John Pricci executive editor John Pricci has over three decades of experience as a thoroughbred racing public handicapper and was an award-winning journalist while at New York Newsday for 18 years.

John has covered 14 Kentucky Derbies and Preaknesses, all but three Breeders' Cups since its inception in 1984, and has seen all but two Belmont Stakes live since 1969.

Currently John is a contributing racing writer to, an analyst on the Capital Off-Track Betting television network, and co-hosts numerous handicapping seminars. He resides in Saratoga Springs, New York.

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Saturday, April 25, 2009

For Handicappers, Keeneland a Humbling Experience

SARATOGA SPRINGS, NY, April 23, 2009--It likely will come as no surprise to most of you that I’m not as smart as I think I am.

People say “hey, you’re that handicapper, right?”

I say, “No, I just play one on TV.”

But that’s the way I feel as I look back on the 2009 Keeneland spring meeting that concluded Friday.

I’m a huge fan of the good-horse circuit.

I love the smell of bluegrass in the morning.

Even on good days, most horseplayers are humbled six times per racing card. Keeneland didn’t humble me this year. Bludgeoned would be more apt.

And there’s no comfort in knowing that I’m not alone in this. Misery loves company, true. But for me that excludes the racetrack. To be successful, horseplayers must maintain their equilibrium: Never too high; never too low.

For those who love the challenge of handicapping, or those who on occasion must try to make a few dollars, each new set of past performances brings with it a sense of renewal.

And never has so much information been made available. Every manner of speed figure or trip note, and trend analysis that has gone way beyond the realm of niche data.

Keeneland recognizes how difficult their Polytrack is for handicappers to conquer. Their officers know how to read a balance sheet. But they made a commitment to a synthetic surface and they’re sticking to it.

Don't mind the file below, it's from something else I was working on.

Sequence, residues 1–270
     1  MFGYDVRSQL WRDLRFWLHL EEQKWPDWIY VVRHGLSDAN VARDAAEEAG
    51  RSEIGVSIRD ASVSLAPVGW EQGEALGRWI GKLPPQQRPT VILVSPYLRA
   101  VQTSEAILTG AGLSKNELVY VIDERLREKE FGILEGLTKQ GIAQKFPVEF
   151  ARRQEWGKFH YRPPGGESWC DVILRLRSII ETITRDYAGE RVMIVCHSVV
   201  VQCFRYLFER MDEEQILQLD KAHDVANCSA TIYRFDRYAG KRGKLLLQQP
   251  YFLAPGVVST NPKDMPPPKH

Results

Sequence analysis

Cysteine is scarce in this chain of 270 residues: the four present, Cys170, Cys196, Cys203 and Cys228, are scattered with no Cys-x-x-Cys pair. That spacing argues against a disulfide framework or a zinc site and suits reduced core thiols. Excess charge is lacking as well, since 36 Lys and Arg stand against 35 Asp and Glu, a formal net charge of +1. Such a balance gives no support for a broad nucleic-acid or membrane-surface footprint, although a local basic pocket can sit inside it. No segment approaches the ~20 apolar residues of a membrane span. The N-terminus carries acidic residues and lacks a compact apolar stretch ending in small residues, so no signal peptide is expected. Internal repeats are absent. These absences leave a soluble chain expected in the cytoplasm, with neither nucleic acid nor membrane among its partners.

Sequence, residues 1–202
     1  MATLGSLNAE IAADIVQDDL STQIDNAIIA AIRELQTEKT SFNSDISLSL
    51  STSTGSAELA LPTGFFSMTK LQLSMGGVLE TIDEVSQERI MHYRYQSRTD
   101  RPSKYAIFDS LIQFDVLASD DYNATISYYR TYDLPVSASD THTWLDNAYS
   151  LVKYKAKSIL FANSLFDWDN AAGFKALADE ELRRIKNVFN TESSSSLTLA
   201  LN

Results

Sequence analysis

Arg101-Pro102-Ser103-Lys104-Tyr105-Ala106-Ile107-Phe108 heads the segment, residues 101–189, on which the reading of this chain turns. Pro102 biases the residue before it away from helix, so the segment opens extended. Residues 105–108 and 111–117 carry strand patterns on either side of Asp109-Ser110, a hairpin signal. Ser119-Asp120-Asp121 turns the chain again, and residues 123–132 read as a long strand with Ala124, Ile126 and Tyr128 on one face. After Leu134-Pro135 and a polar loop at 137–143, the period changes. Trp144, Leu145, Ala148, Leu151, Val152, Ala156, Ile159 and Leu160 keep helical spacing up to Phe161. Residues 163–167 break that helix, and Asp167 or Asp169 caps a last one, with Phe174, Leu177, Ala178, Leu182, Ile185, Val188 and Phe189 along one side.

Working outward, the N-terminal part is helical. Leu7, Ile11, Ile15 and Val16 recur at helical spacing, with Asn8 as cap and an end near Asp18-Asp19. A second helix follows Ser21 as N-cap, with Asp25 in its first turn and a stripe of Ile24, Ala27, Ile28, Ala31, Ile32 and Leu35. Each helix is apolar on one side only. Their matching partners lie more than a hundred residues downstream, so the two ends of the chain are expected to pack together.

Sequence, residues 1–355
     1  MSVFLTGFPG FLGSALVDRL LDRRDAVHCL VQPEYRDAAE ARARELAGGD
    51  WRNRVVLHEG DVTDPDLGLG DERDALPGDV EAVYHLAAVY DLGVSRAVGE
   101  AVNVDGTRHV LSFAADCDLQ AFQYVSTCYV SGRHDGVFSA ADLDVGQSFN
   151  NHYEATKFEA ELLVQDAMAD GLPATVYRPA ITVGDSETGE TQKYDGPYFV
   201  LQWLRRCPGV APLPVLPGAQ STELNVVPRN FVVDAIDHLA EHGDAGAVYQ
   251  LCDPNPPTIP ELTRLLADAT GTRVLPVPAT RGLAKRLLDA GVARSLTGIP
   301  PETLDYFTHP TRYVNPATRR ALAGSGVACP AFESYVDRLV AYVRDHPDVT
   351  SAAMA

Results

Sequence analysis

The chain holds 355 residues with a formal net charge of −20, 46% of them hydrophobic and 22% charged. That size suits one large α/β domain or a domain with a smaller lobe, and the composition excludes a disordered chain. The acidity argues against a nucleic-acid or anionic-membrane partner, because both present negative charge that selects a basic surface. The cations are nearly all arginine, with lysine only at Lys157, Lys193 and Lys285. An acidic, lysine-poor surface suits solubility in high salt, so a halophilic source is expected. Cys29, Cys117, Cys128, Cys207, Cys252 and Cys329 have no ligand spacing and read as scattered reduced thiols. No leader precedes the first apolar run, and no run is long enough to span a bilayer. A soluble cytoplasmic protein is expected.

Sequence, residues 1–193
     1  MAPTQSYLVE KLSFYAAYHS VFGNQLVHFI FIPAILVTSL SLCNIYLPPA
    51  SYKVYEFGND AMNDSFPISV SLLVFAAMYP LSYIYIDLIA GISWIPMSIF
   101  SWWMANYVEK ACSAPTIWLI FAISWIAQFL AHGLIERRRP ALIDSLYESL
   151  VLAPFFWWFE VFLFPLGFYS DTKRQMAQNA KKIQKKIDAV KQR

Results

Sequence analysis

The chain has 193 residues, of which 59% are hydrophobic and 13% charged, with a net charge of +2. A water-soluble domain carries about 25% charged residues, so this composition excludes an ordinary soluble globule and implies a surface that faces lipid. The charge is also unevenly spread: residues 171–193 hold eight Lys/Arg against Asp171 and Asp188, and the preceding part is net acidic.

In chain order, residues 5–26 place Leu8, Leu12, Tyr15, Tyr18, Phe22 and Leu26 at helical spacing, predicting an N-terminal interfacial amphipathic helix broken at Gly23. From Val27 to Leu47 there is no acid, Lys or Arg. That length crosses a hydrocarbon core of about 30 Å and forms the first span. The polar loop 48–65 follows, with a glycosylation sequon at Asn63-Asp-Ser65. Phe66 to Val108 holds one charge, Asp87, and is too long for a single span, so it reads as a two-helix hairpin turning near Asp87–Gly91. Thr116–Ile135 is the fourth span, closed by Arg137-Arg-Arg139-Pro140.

They’ve even compiled some data--most of that database inconsequential, unfortunately--in the hopes that this “Polycapping” information will help players understand what they’re dealing with.

Remember, this is a track that a couple of decades ago didn’t even have a track announcer. Not that you needed one back then. Any horse that showed speed on the rail won. It was an “easy game,” provided, of course, you knew which speed horse to back.

But today’s Keeneland is different; way different. Polytrack cuts down the speed. Races are dominated by last-run types but that’s not automatic either. Timing is everything, you see.

But even armed with this knowledge, it doesn’t help me to know how a particular race will be run, no matter what my speed figures and trip notes and trainer stats say.

When Keeneland finally moved into a new racing age, it embraced the challenge of simulcast competition. A character generator now tells you where every horse in the field is. It was the best gift an inveterate race-watcher could have. Give Woodbine its props on this, too.

In Lexington, where tweed jackets and leather-patched elbows are never out of style, but where betting was an afterthought, there are now 50-Cent Trifectas and Pick Fours, Rolling Doubles and Dime Supers.

In a relatively short period of time, Keeneland has done more for rank and file bettors and racing fans than older, more established tracks in urban areas.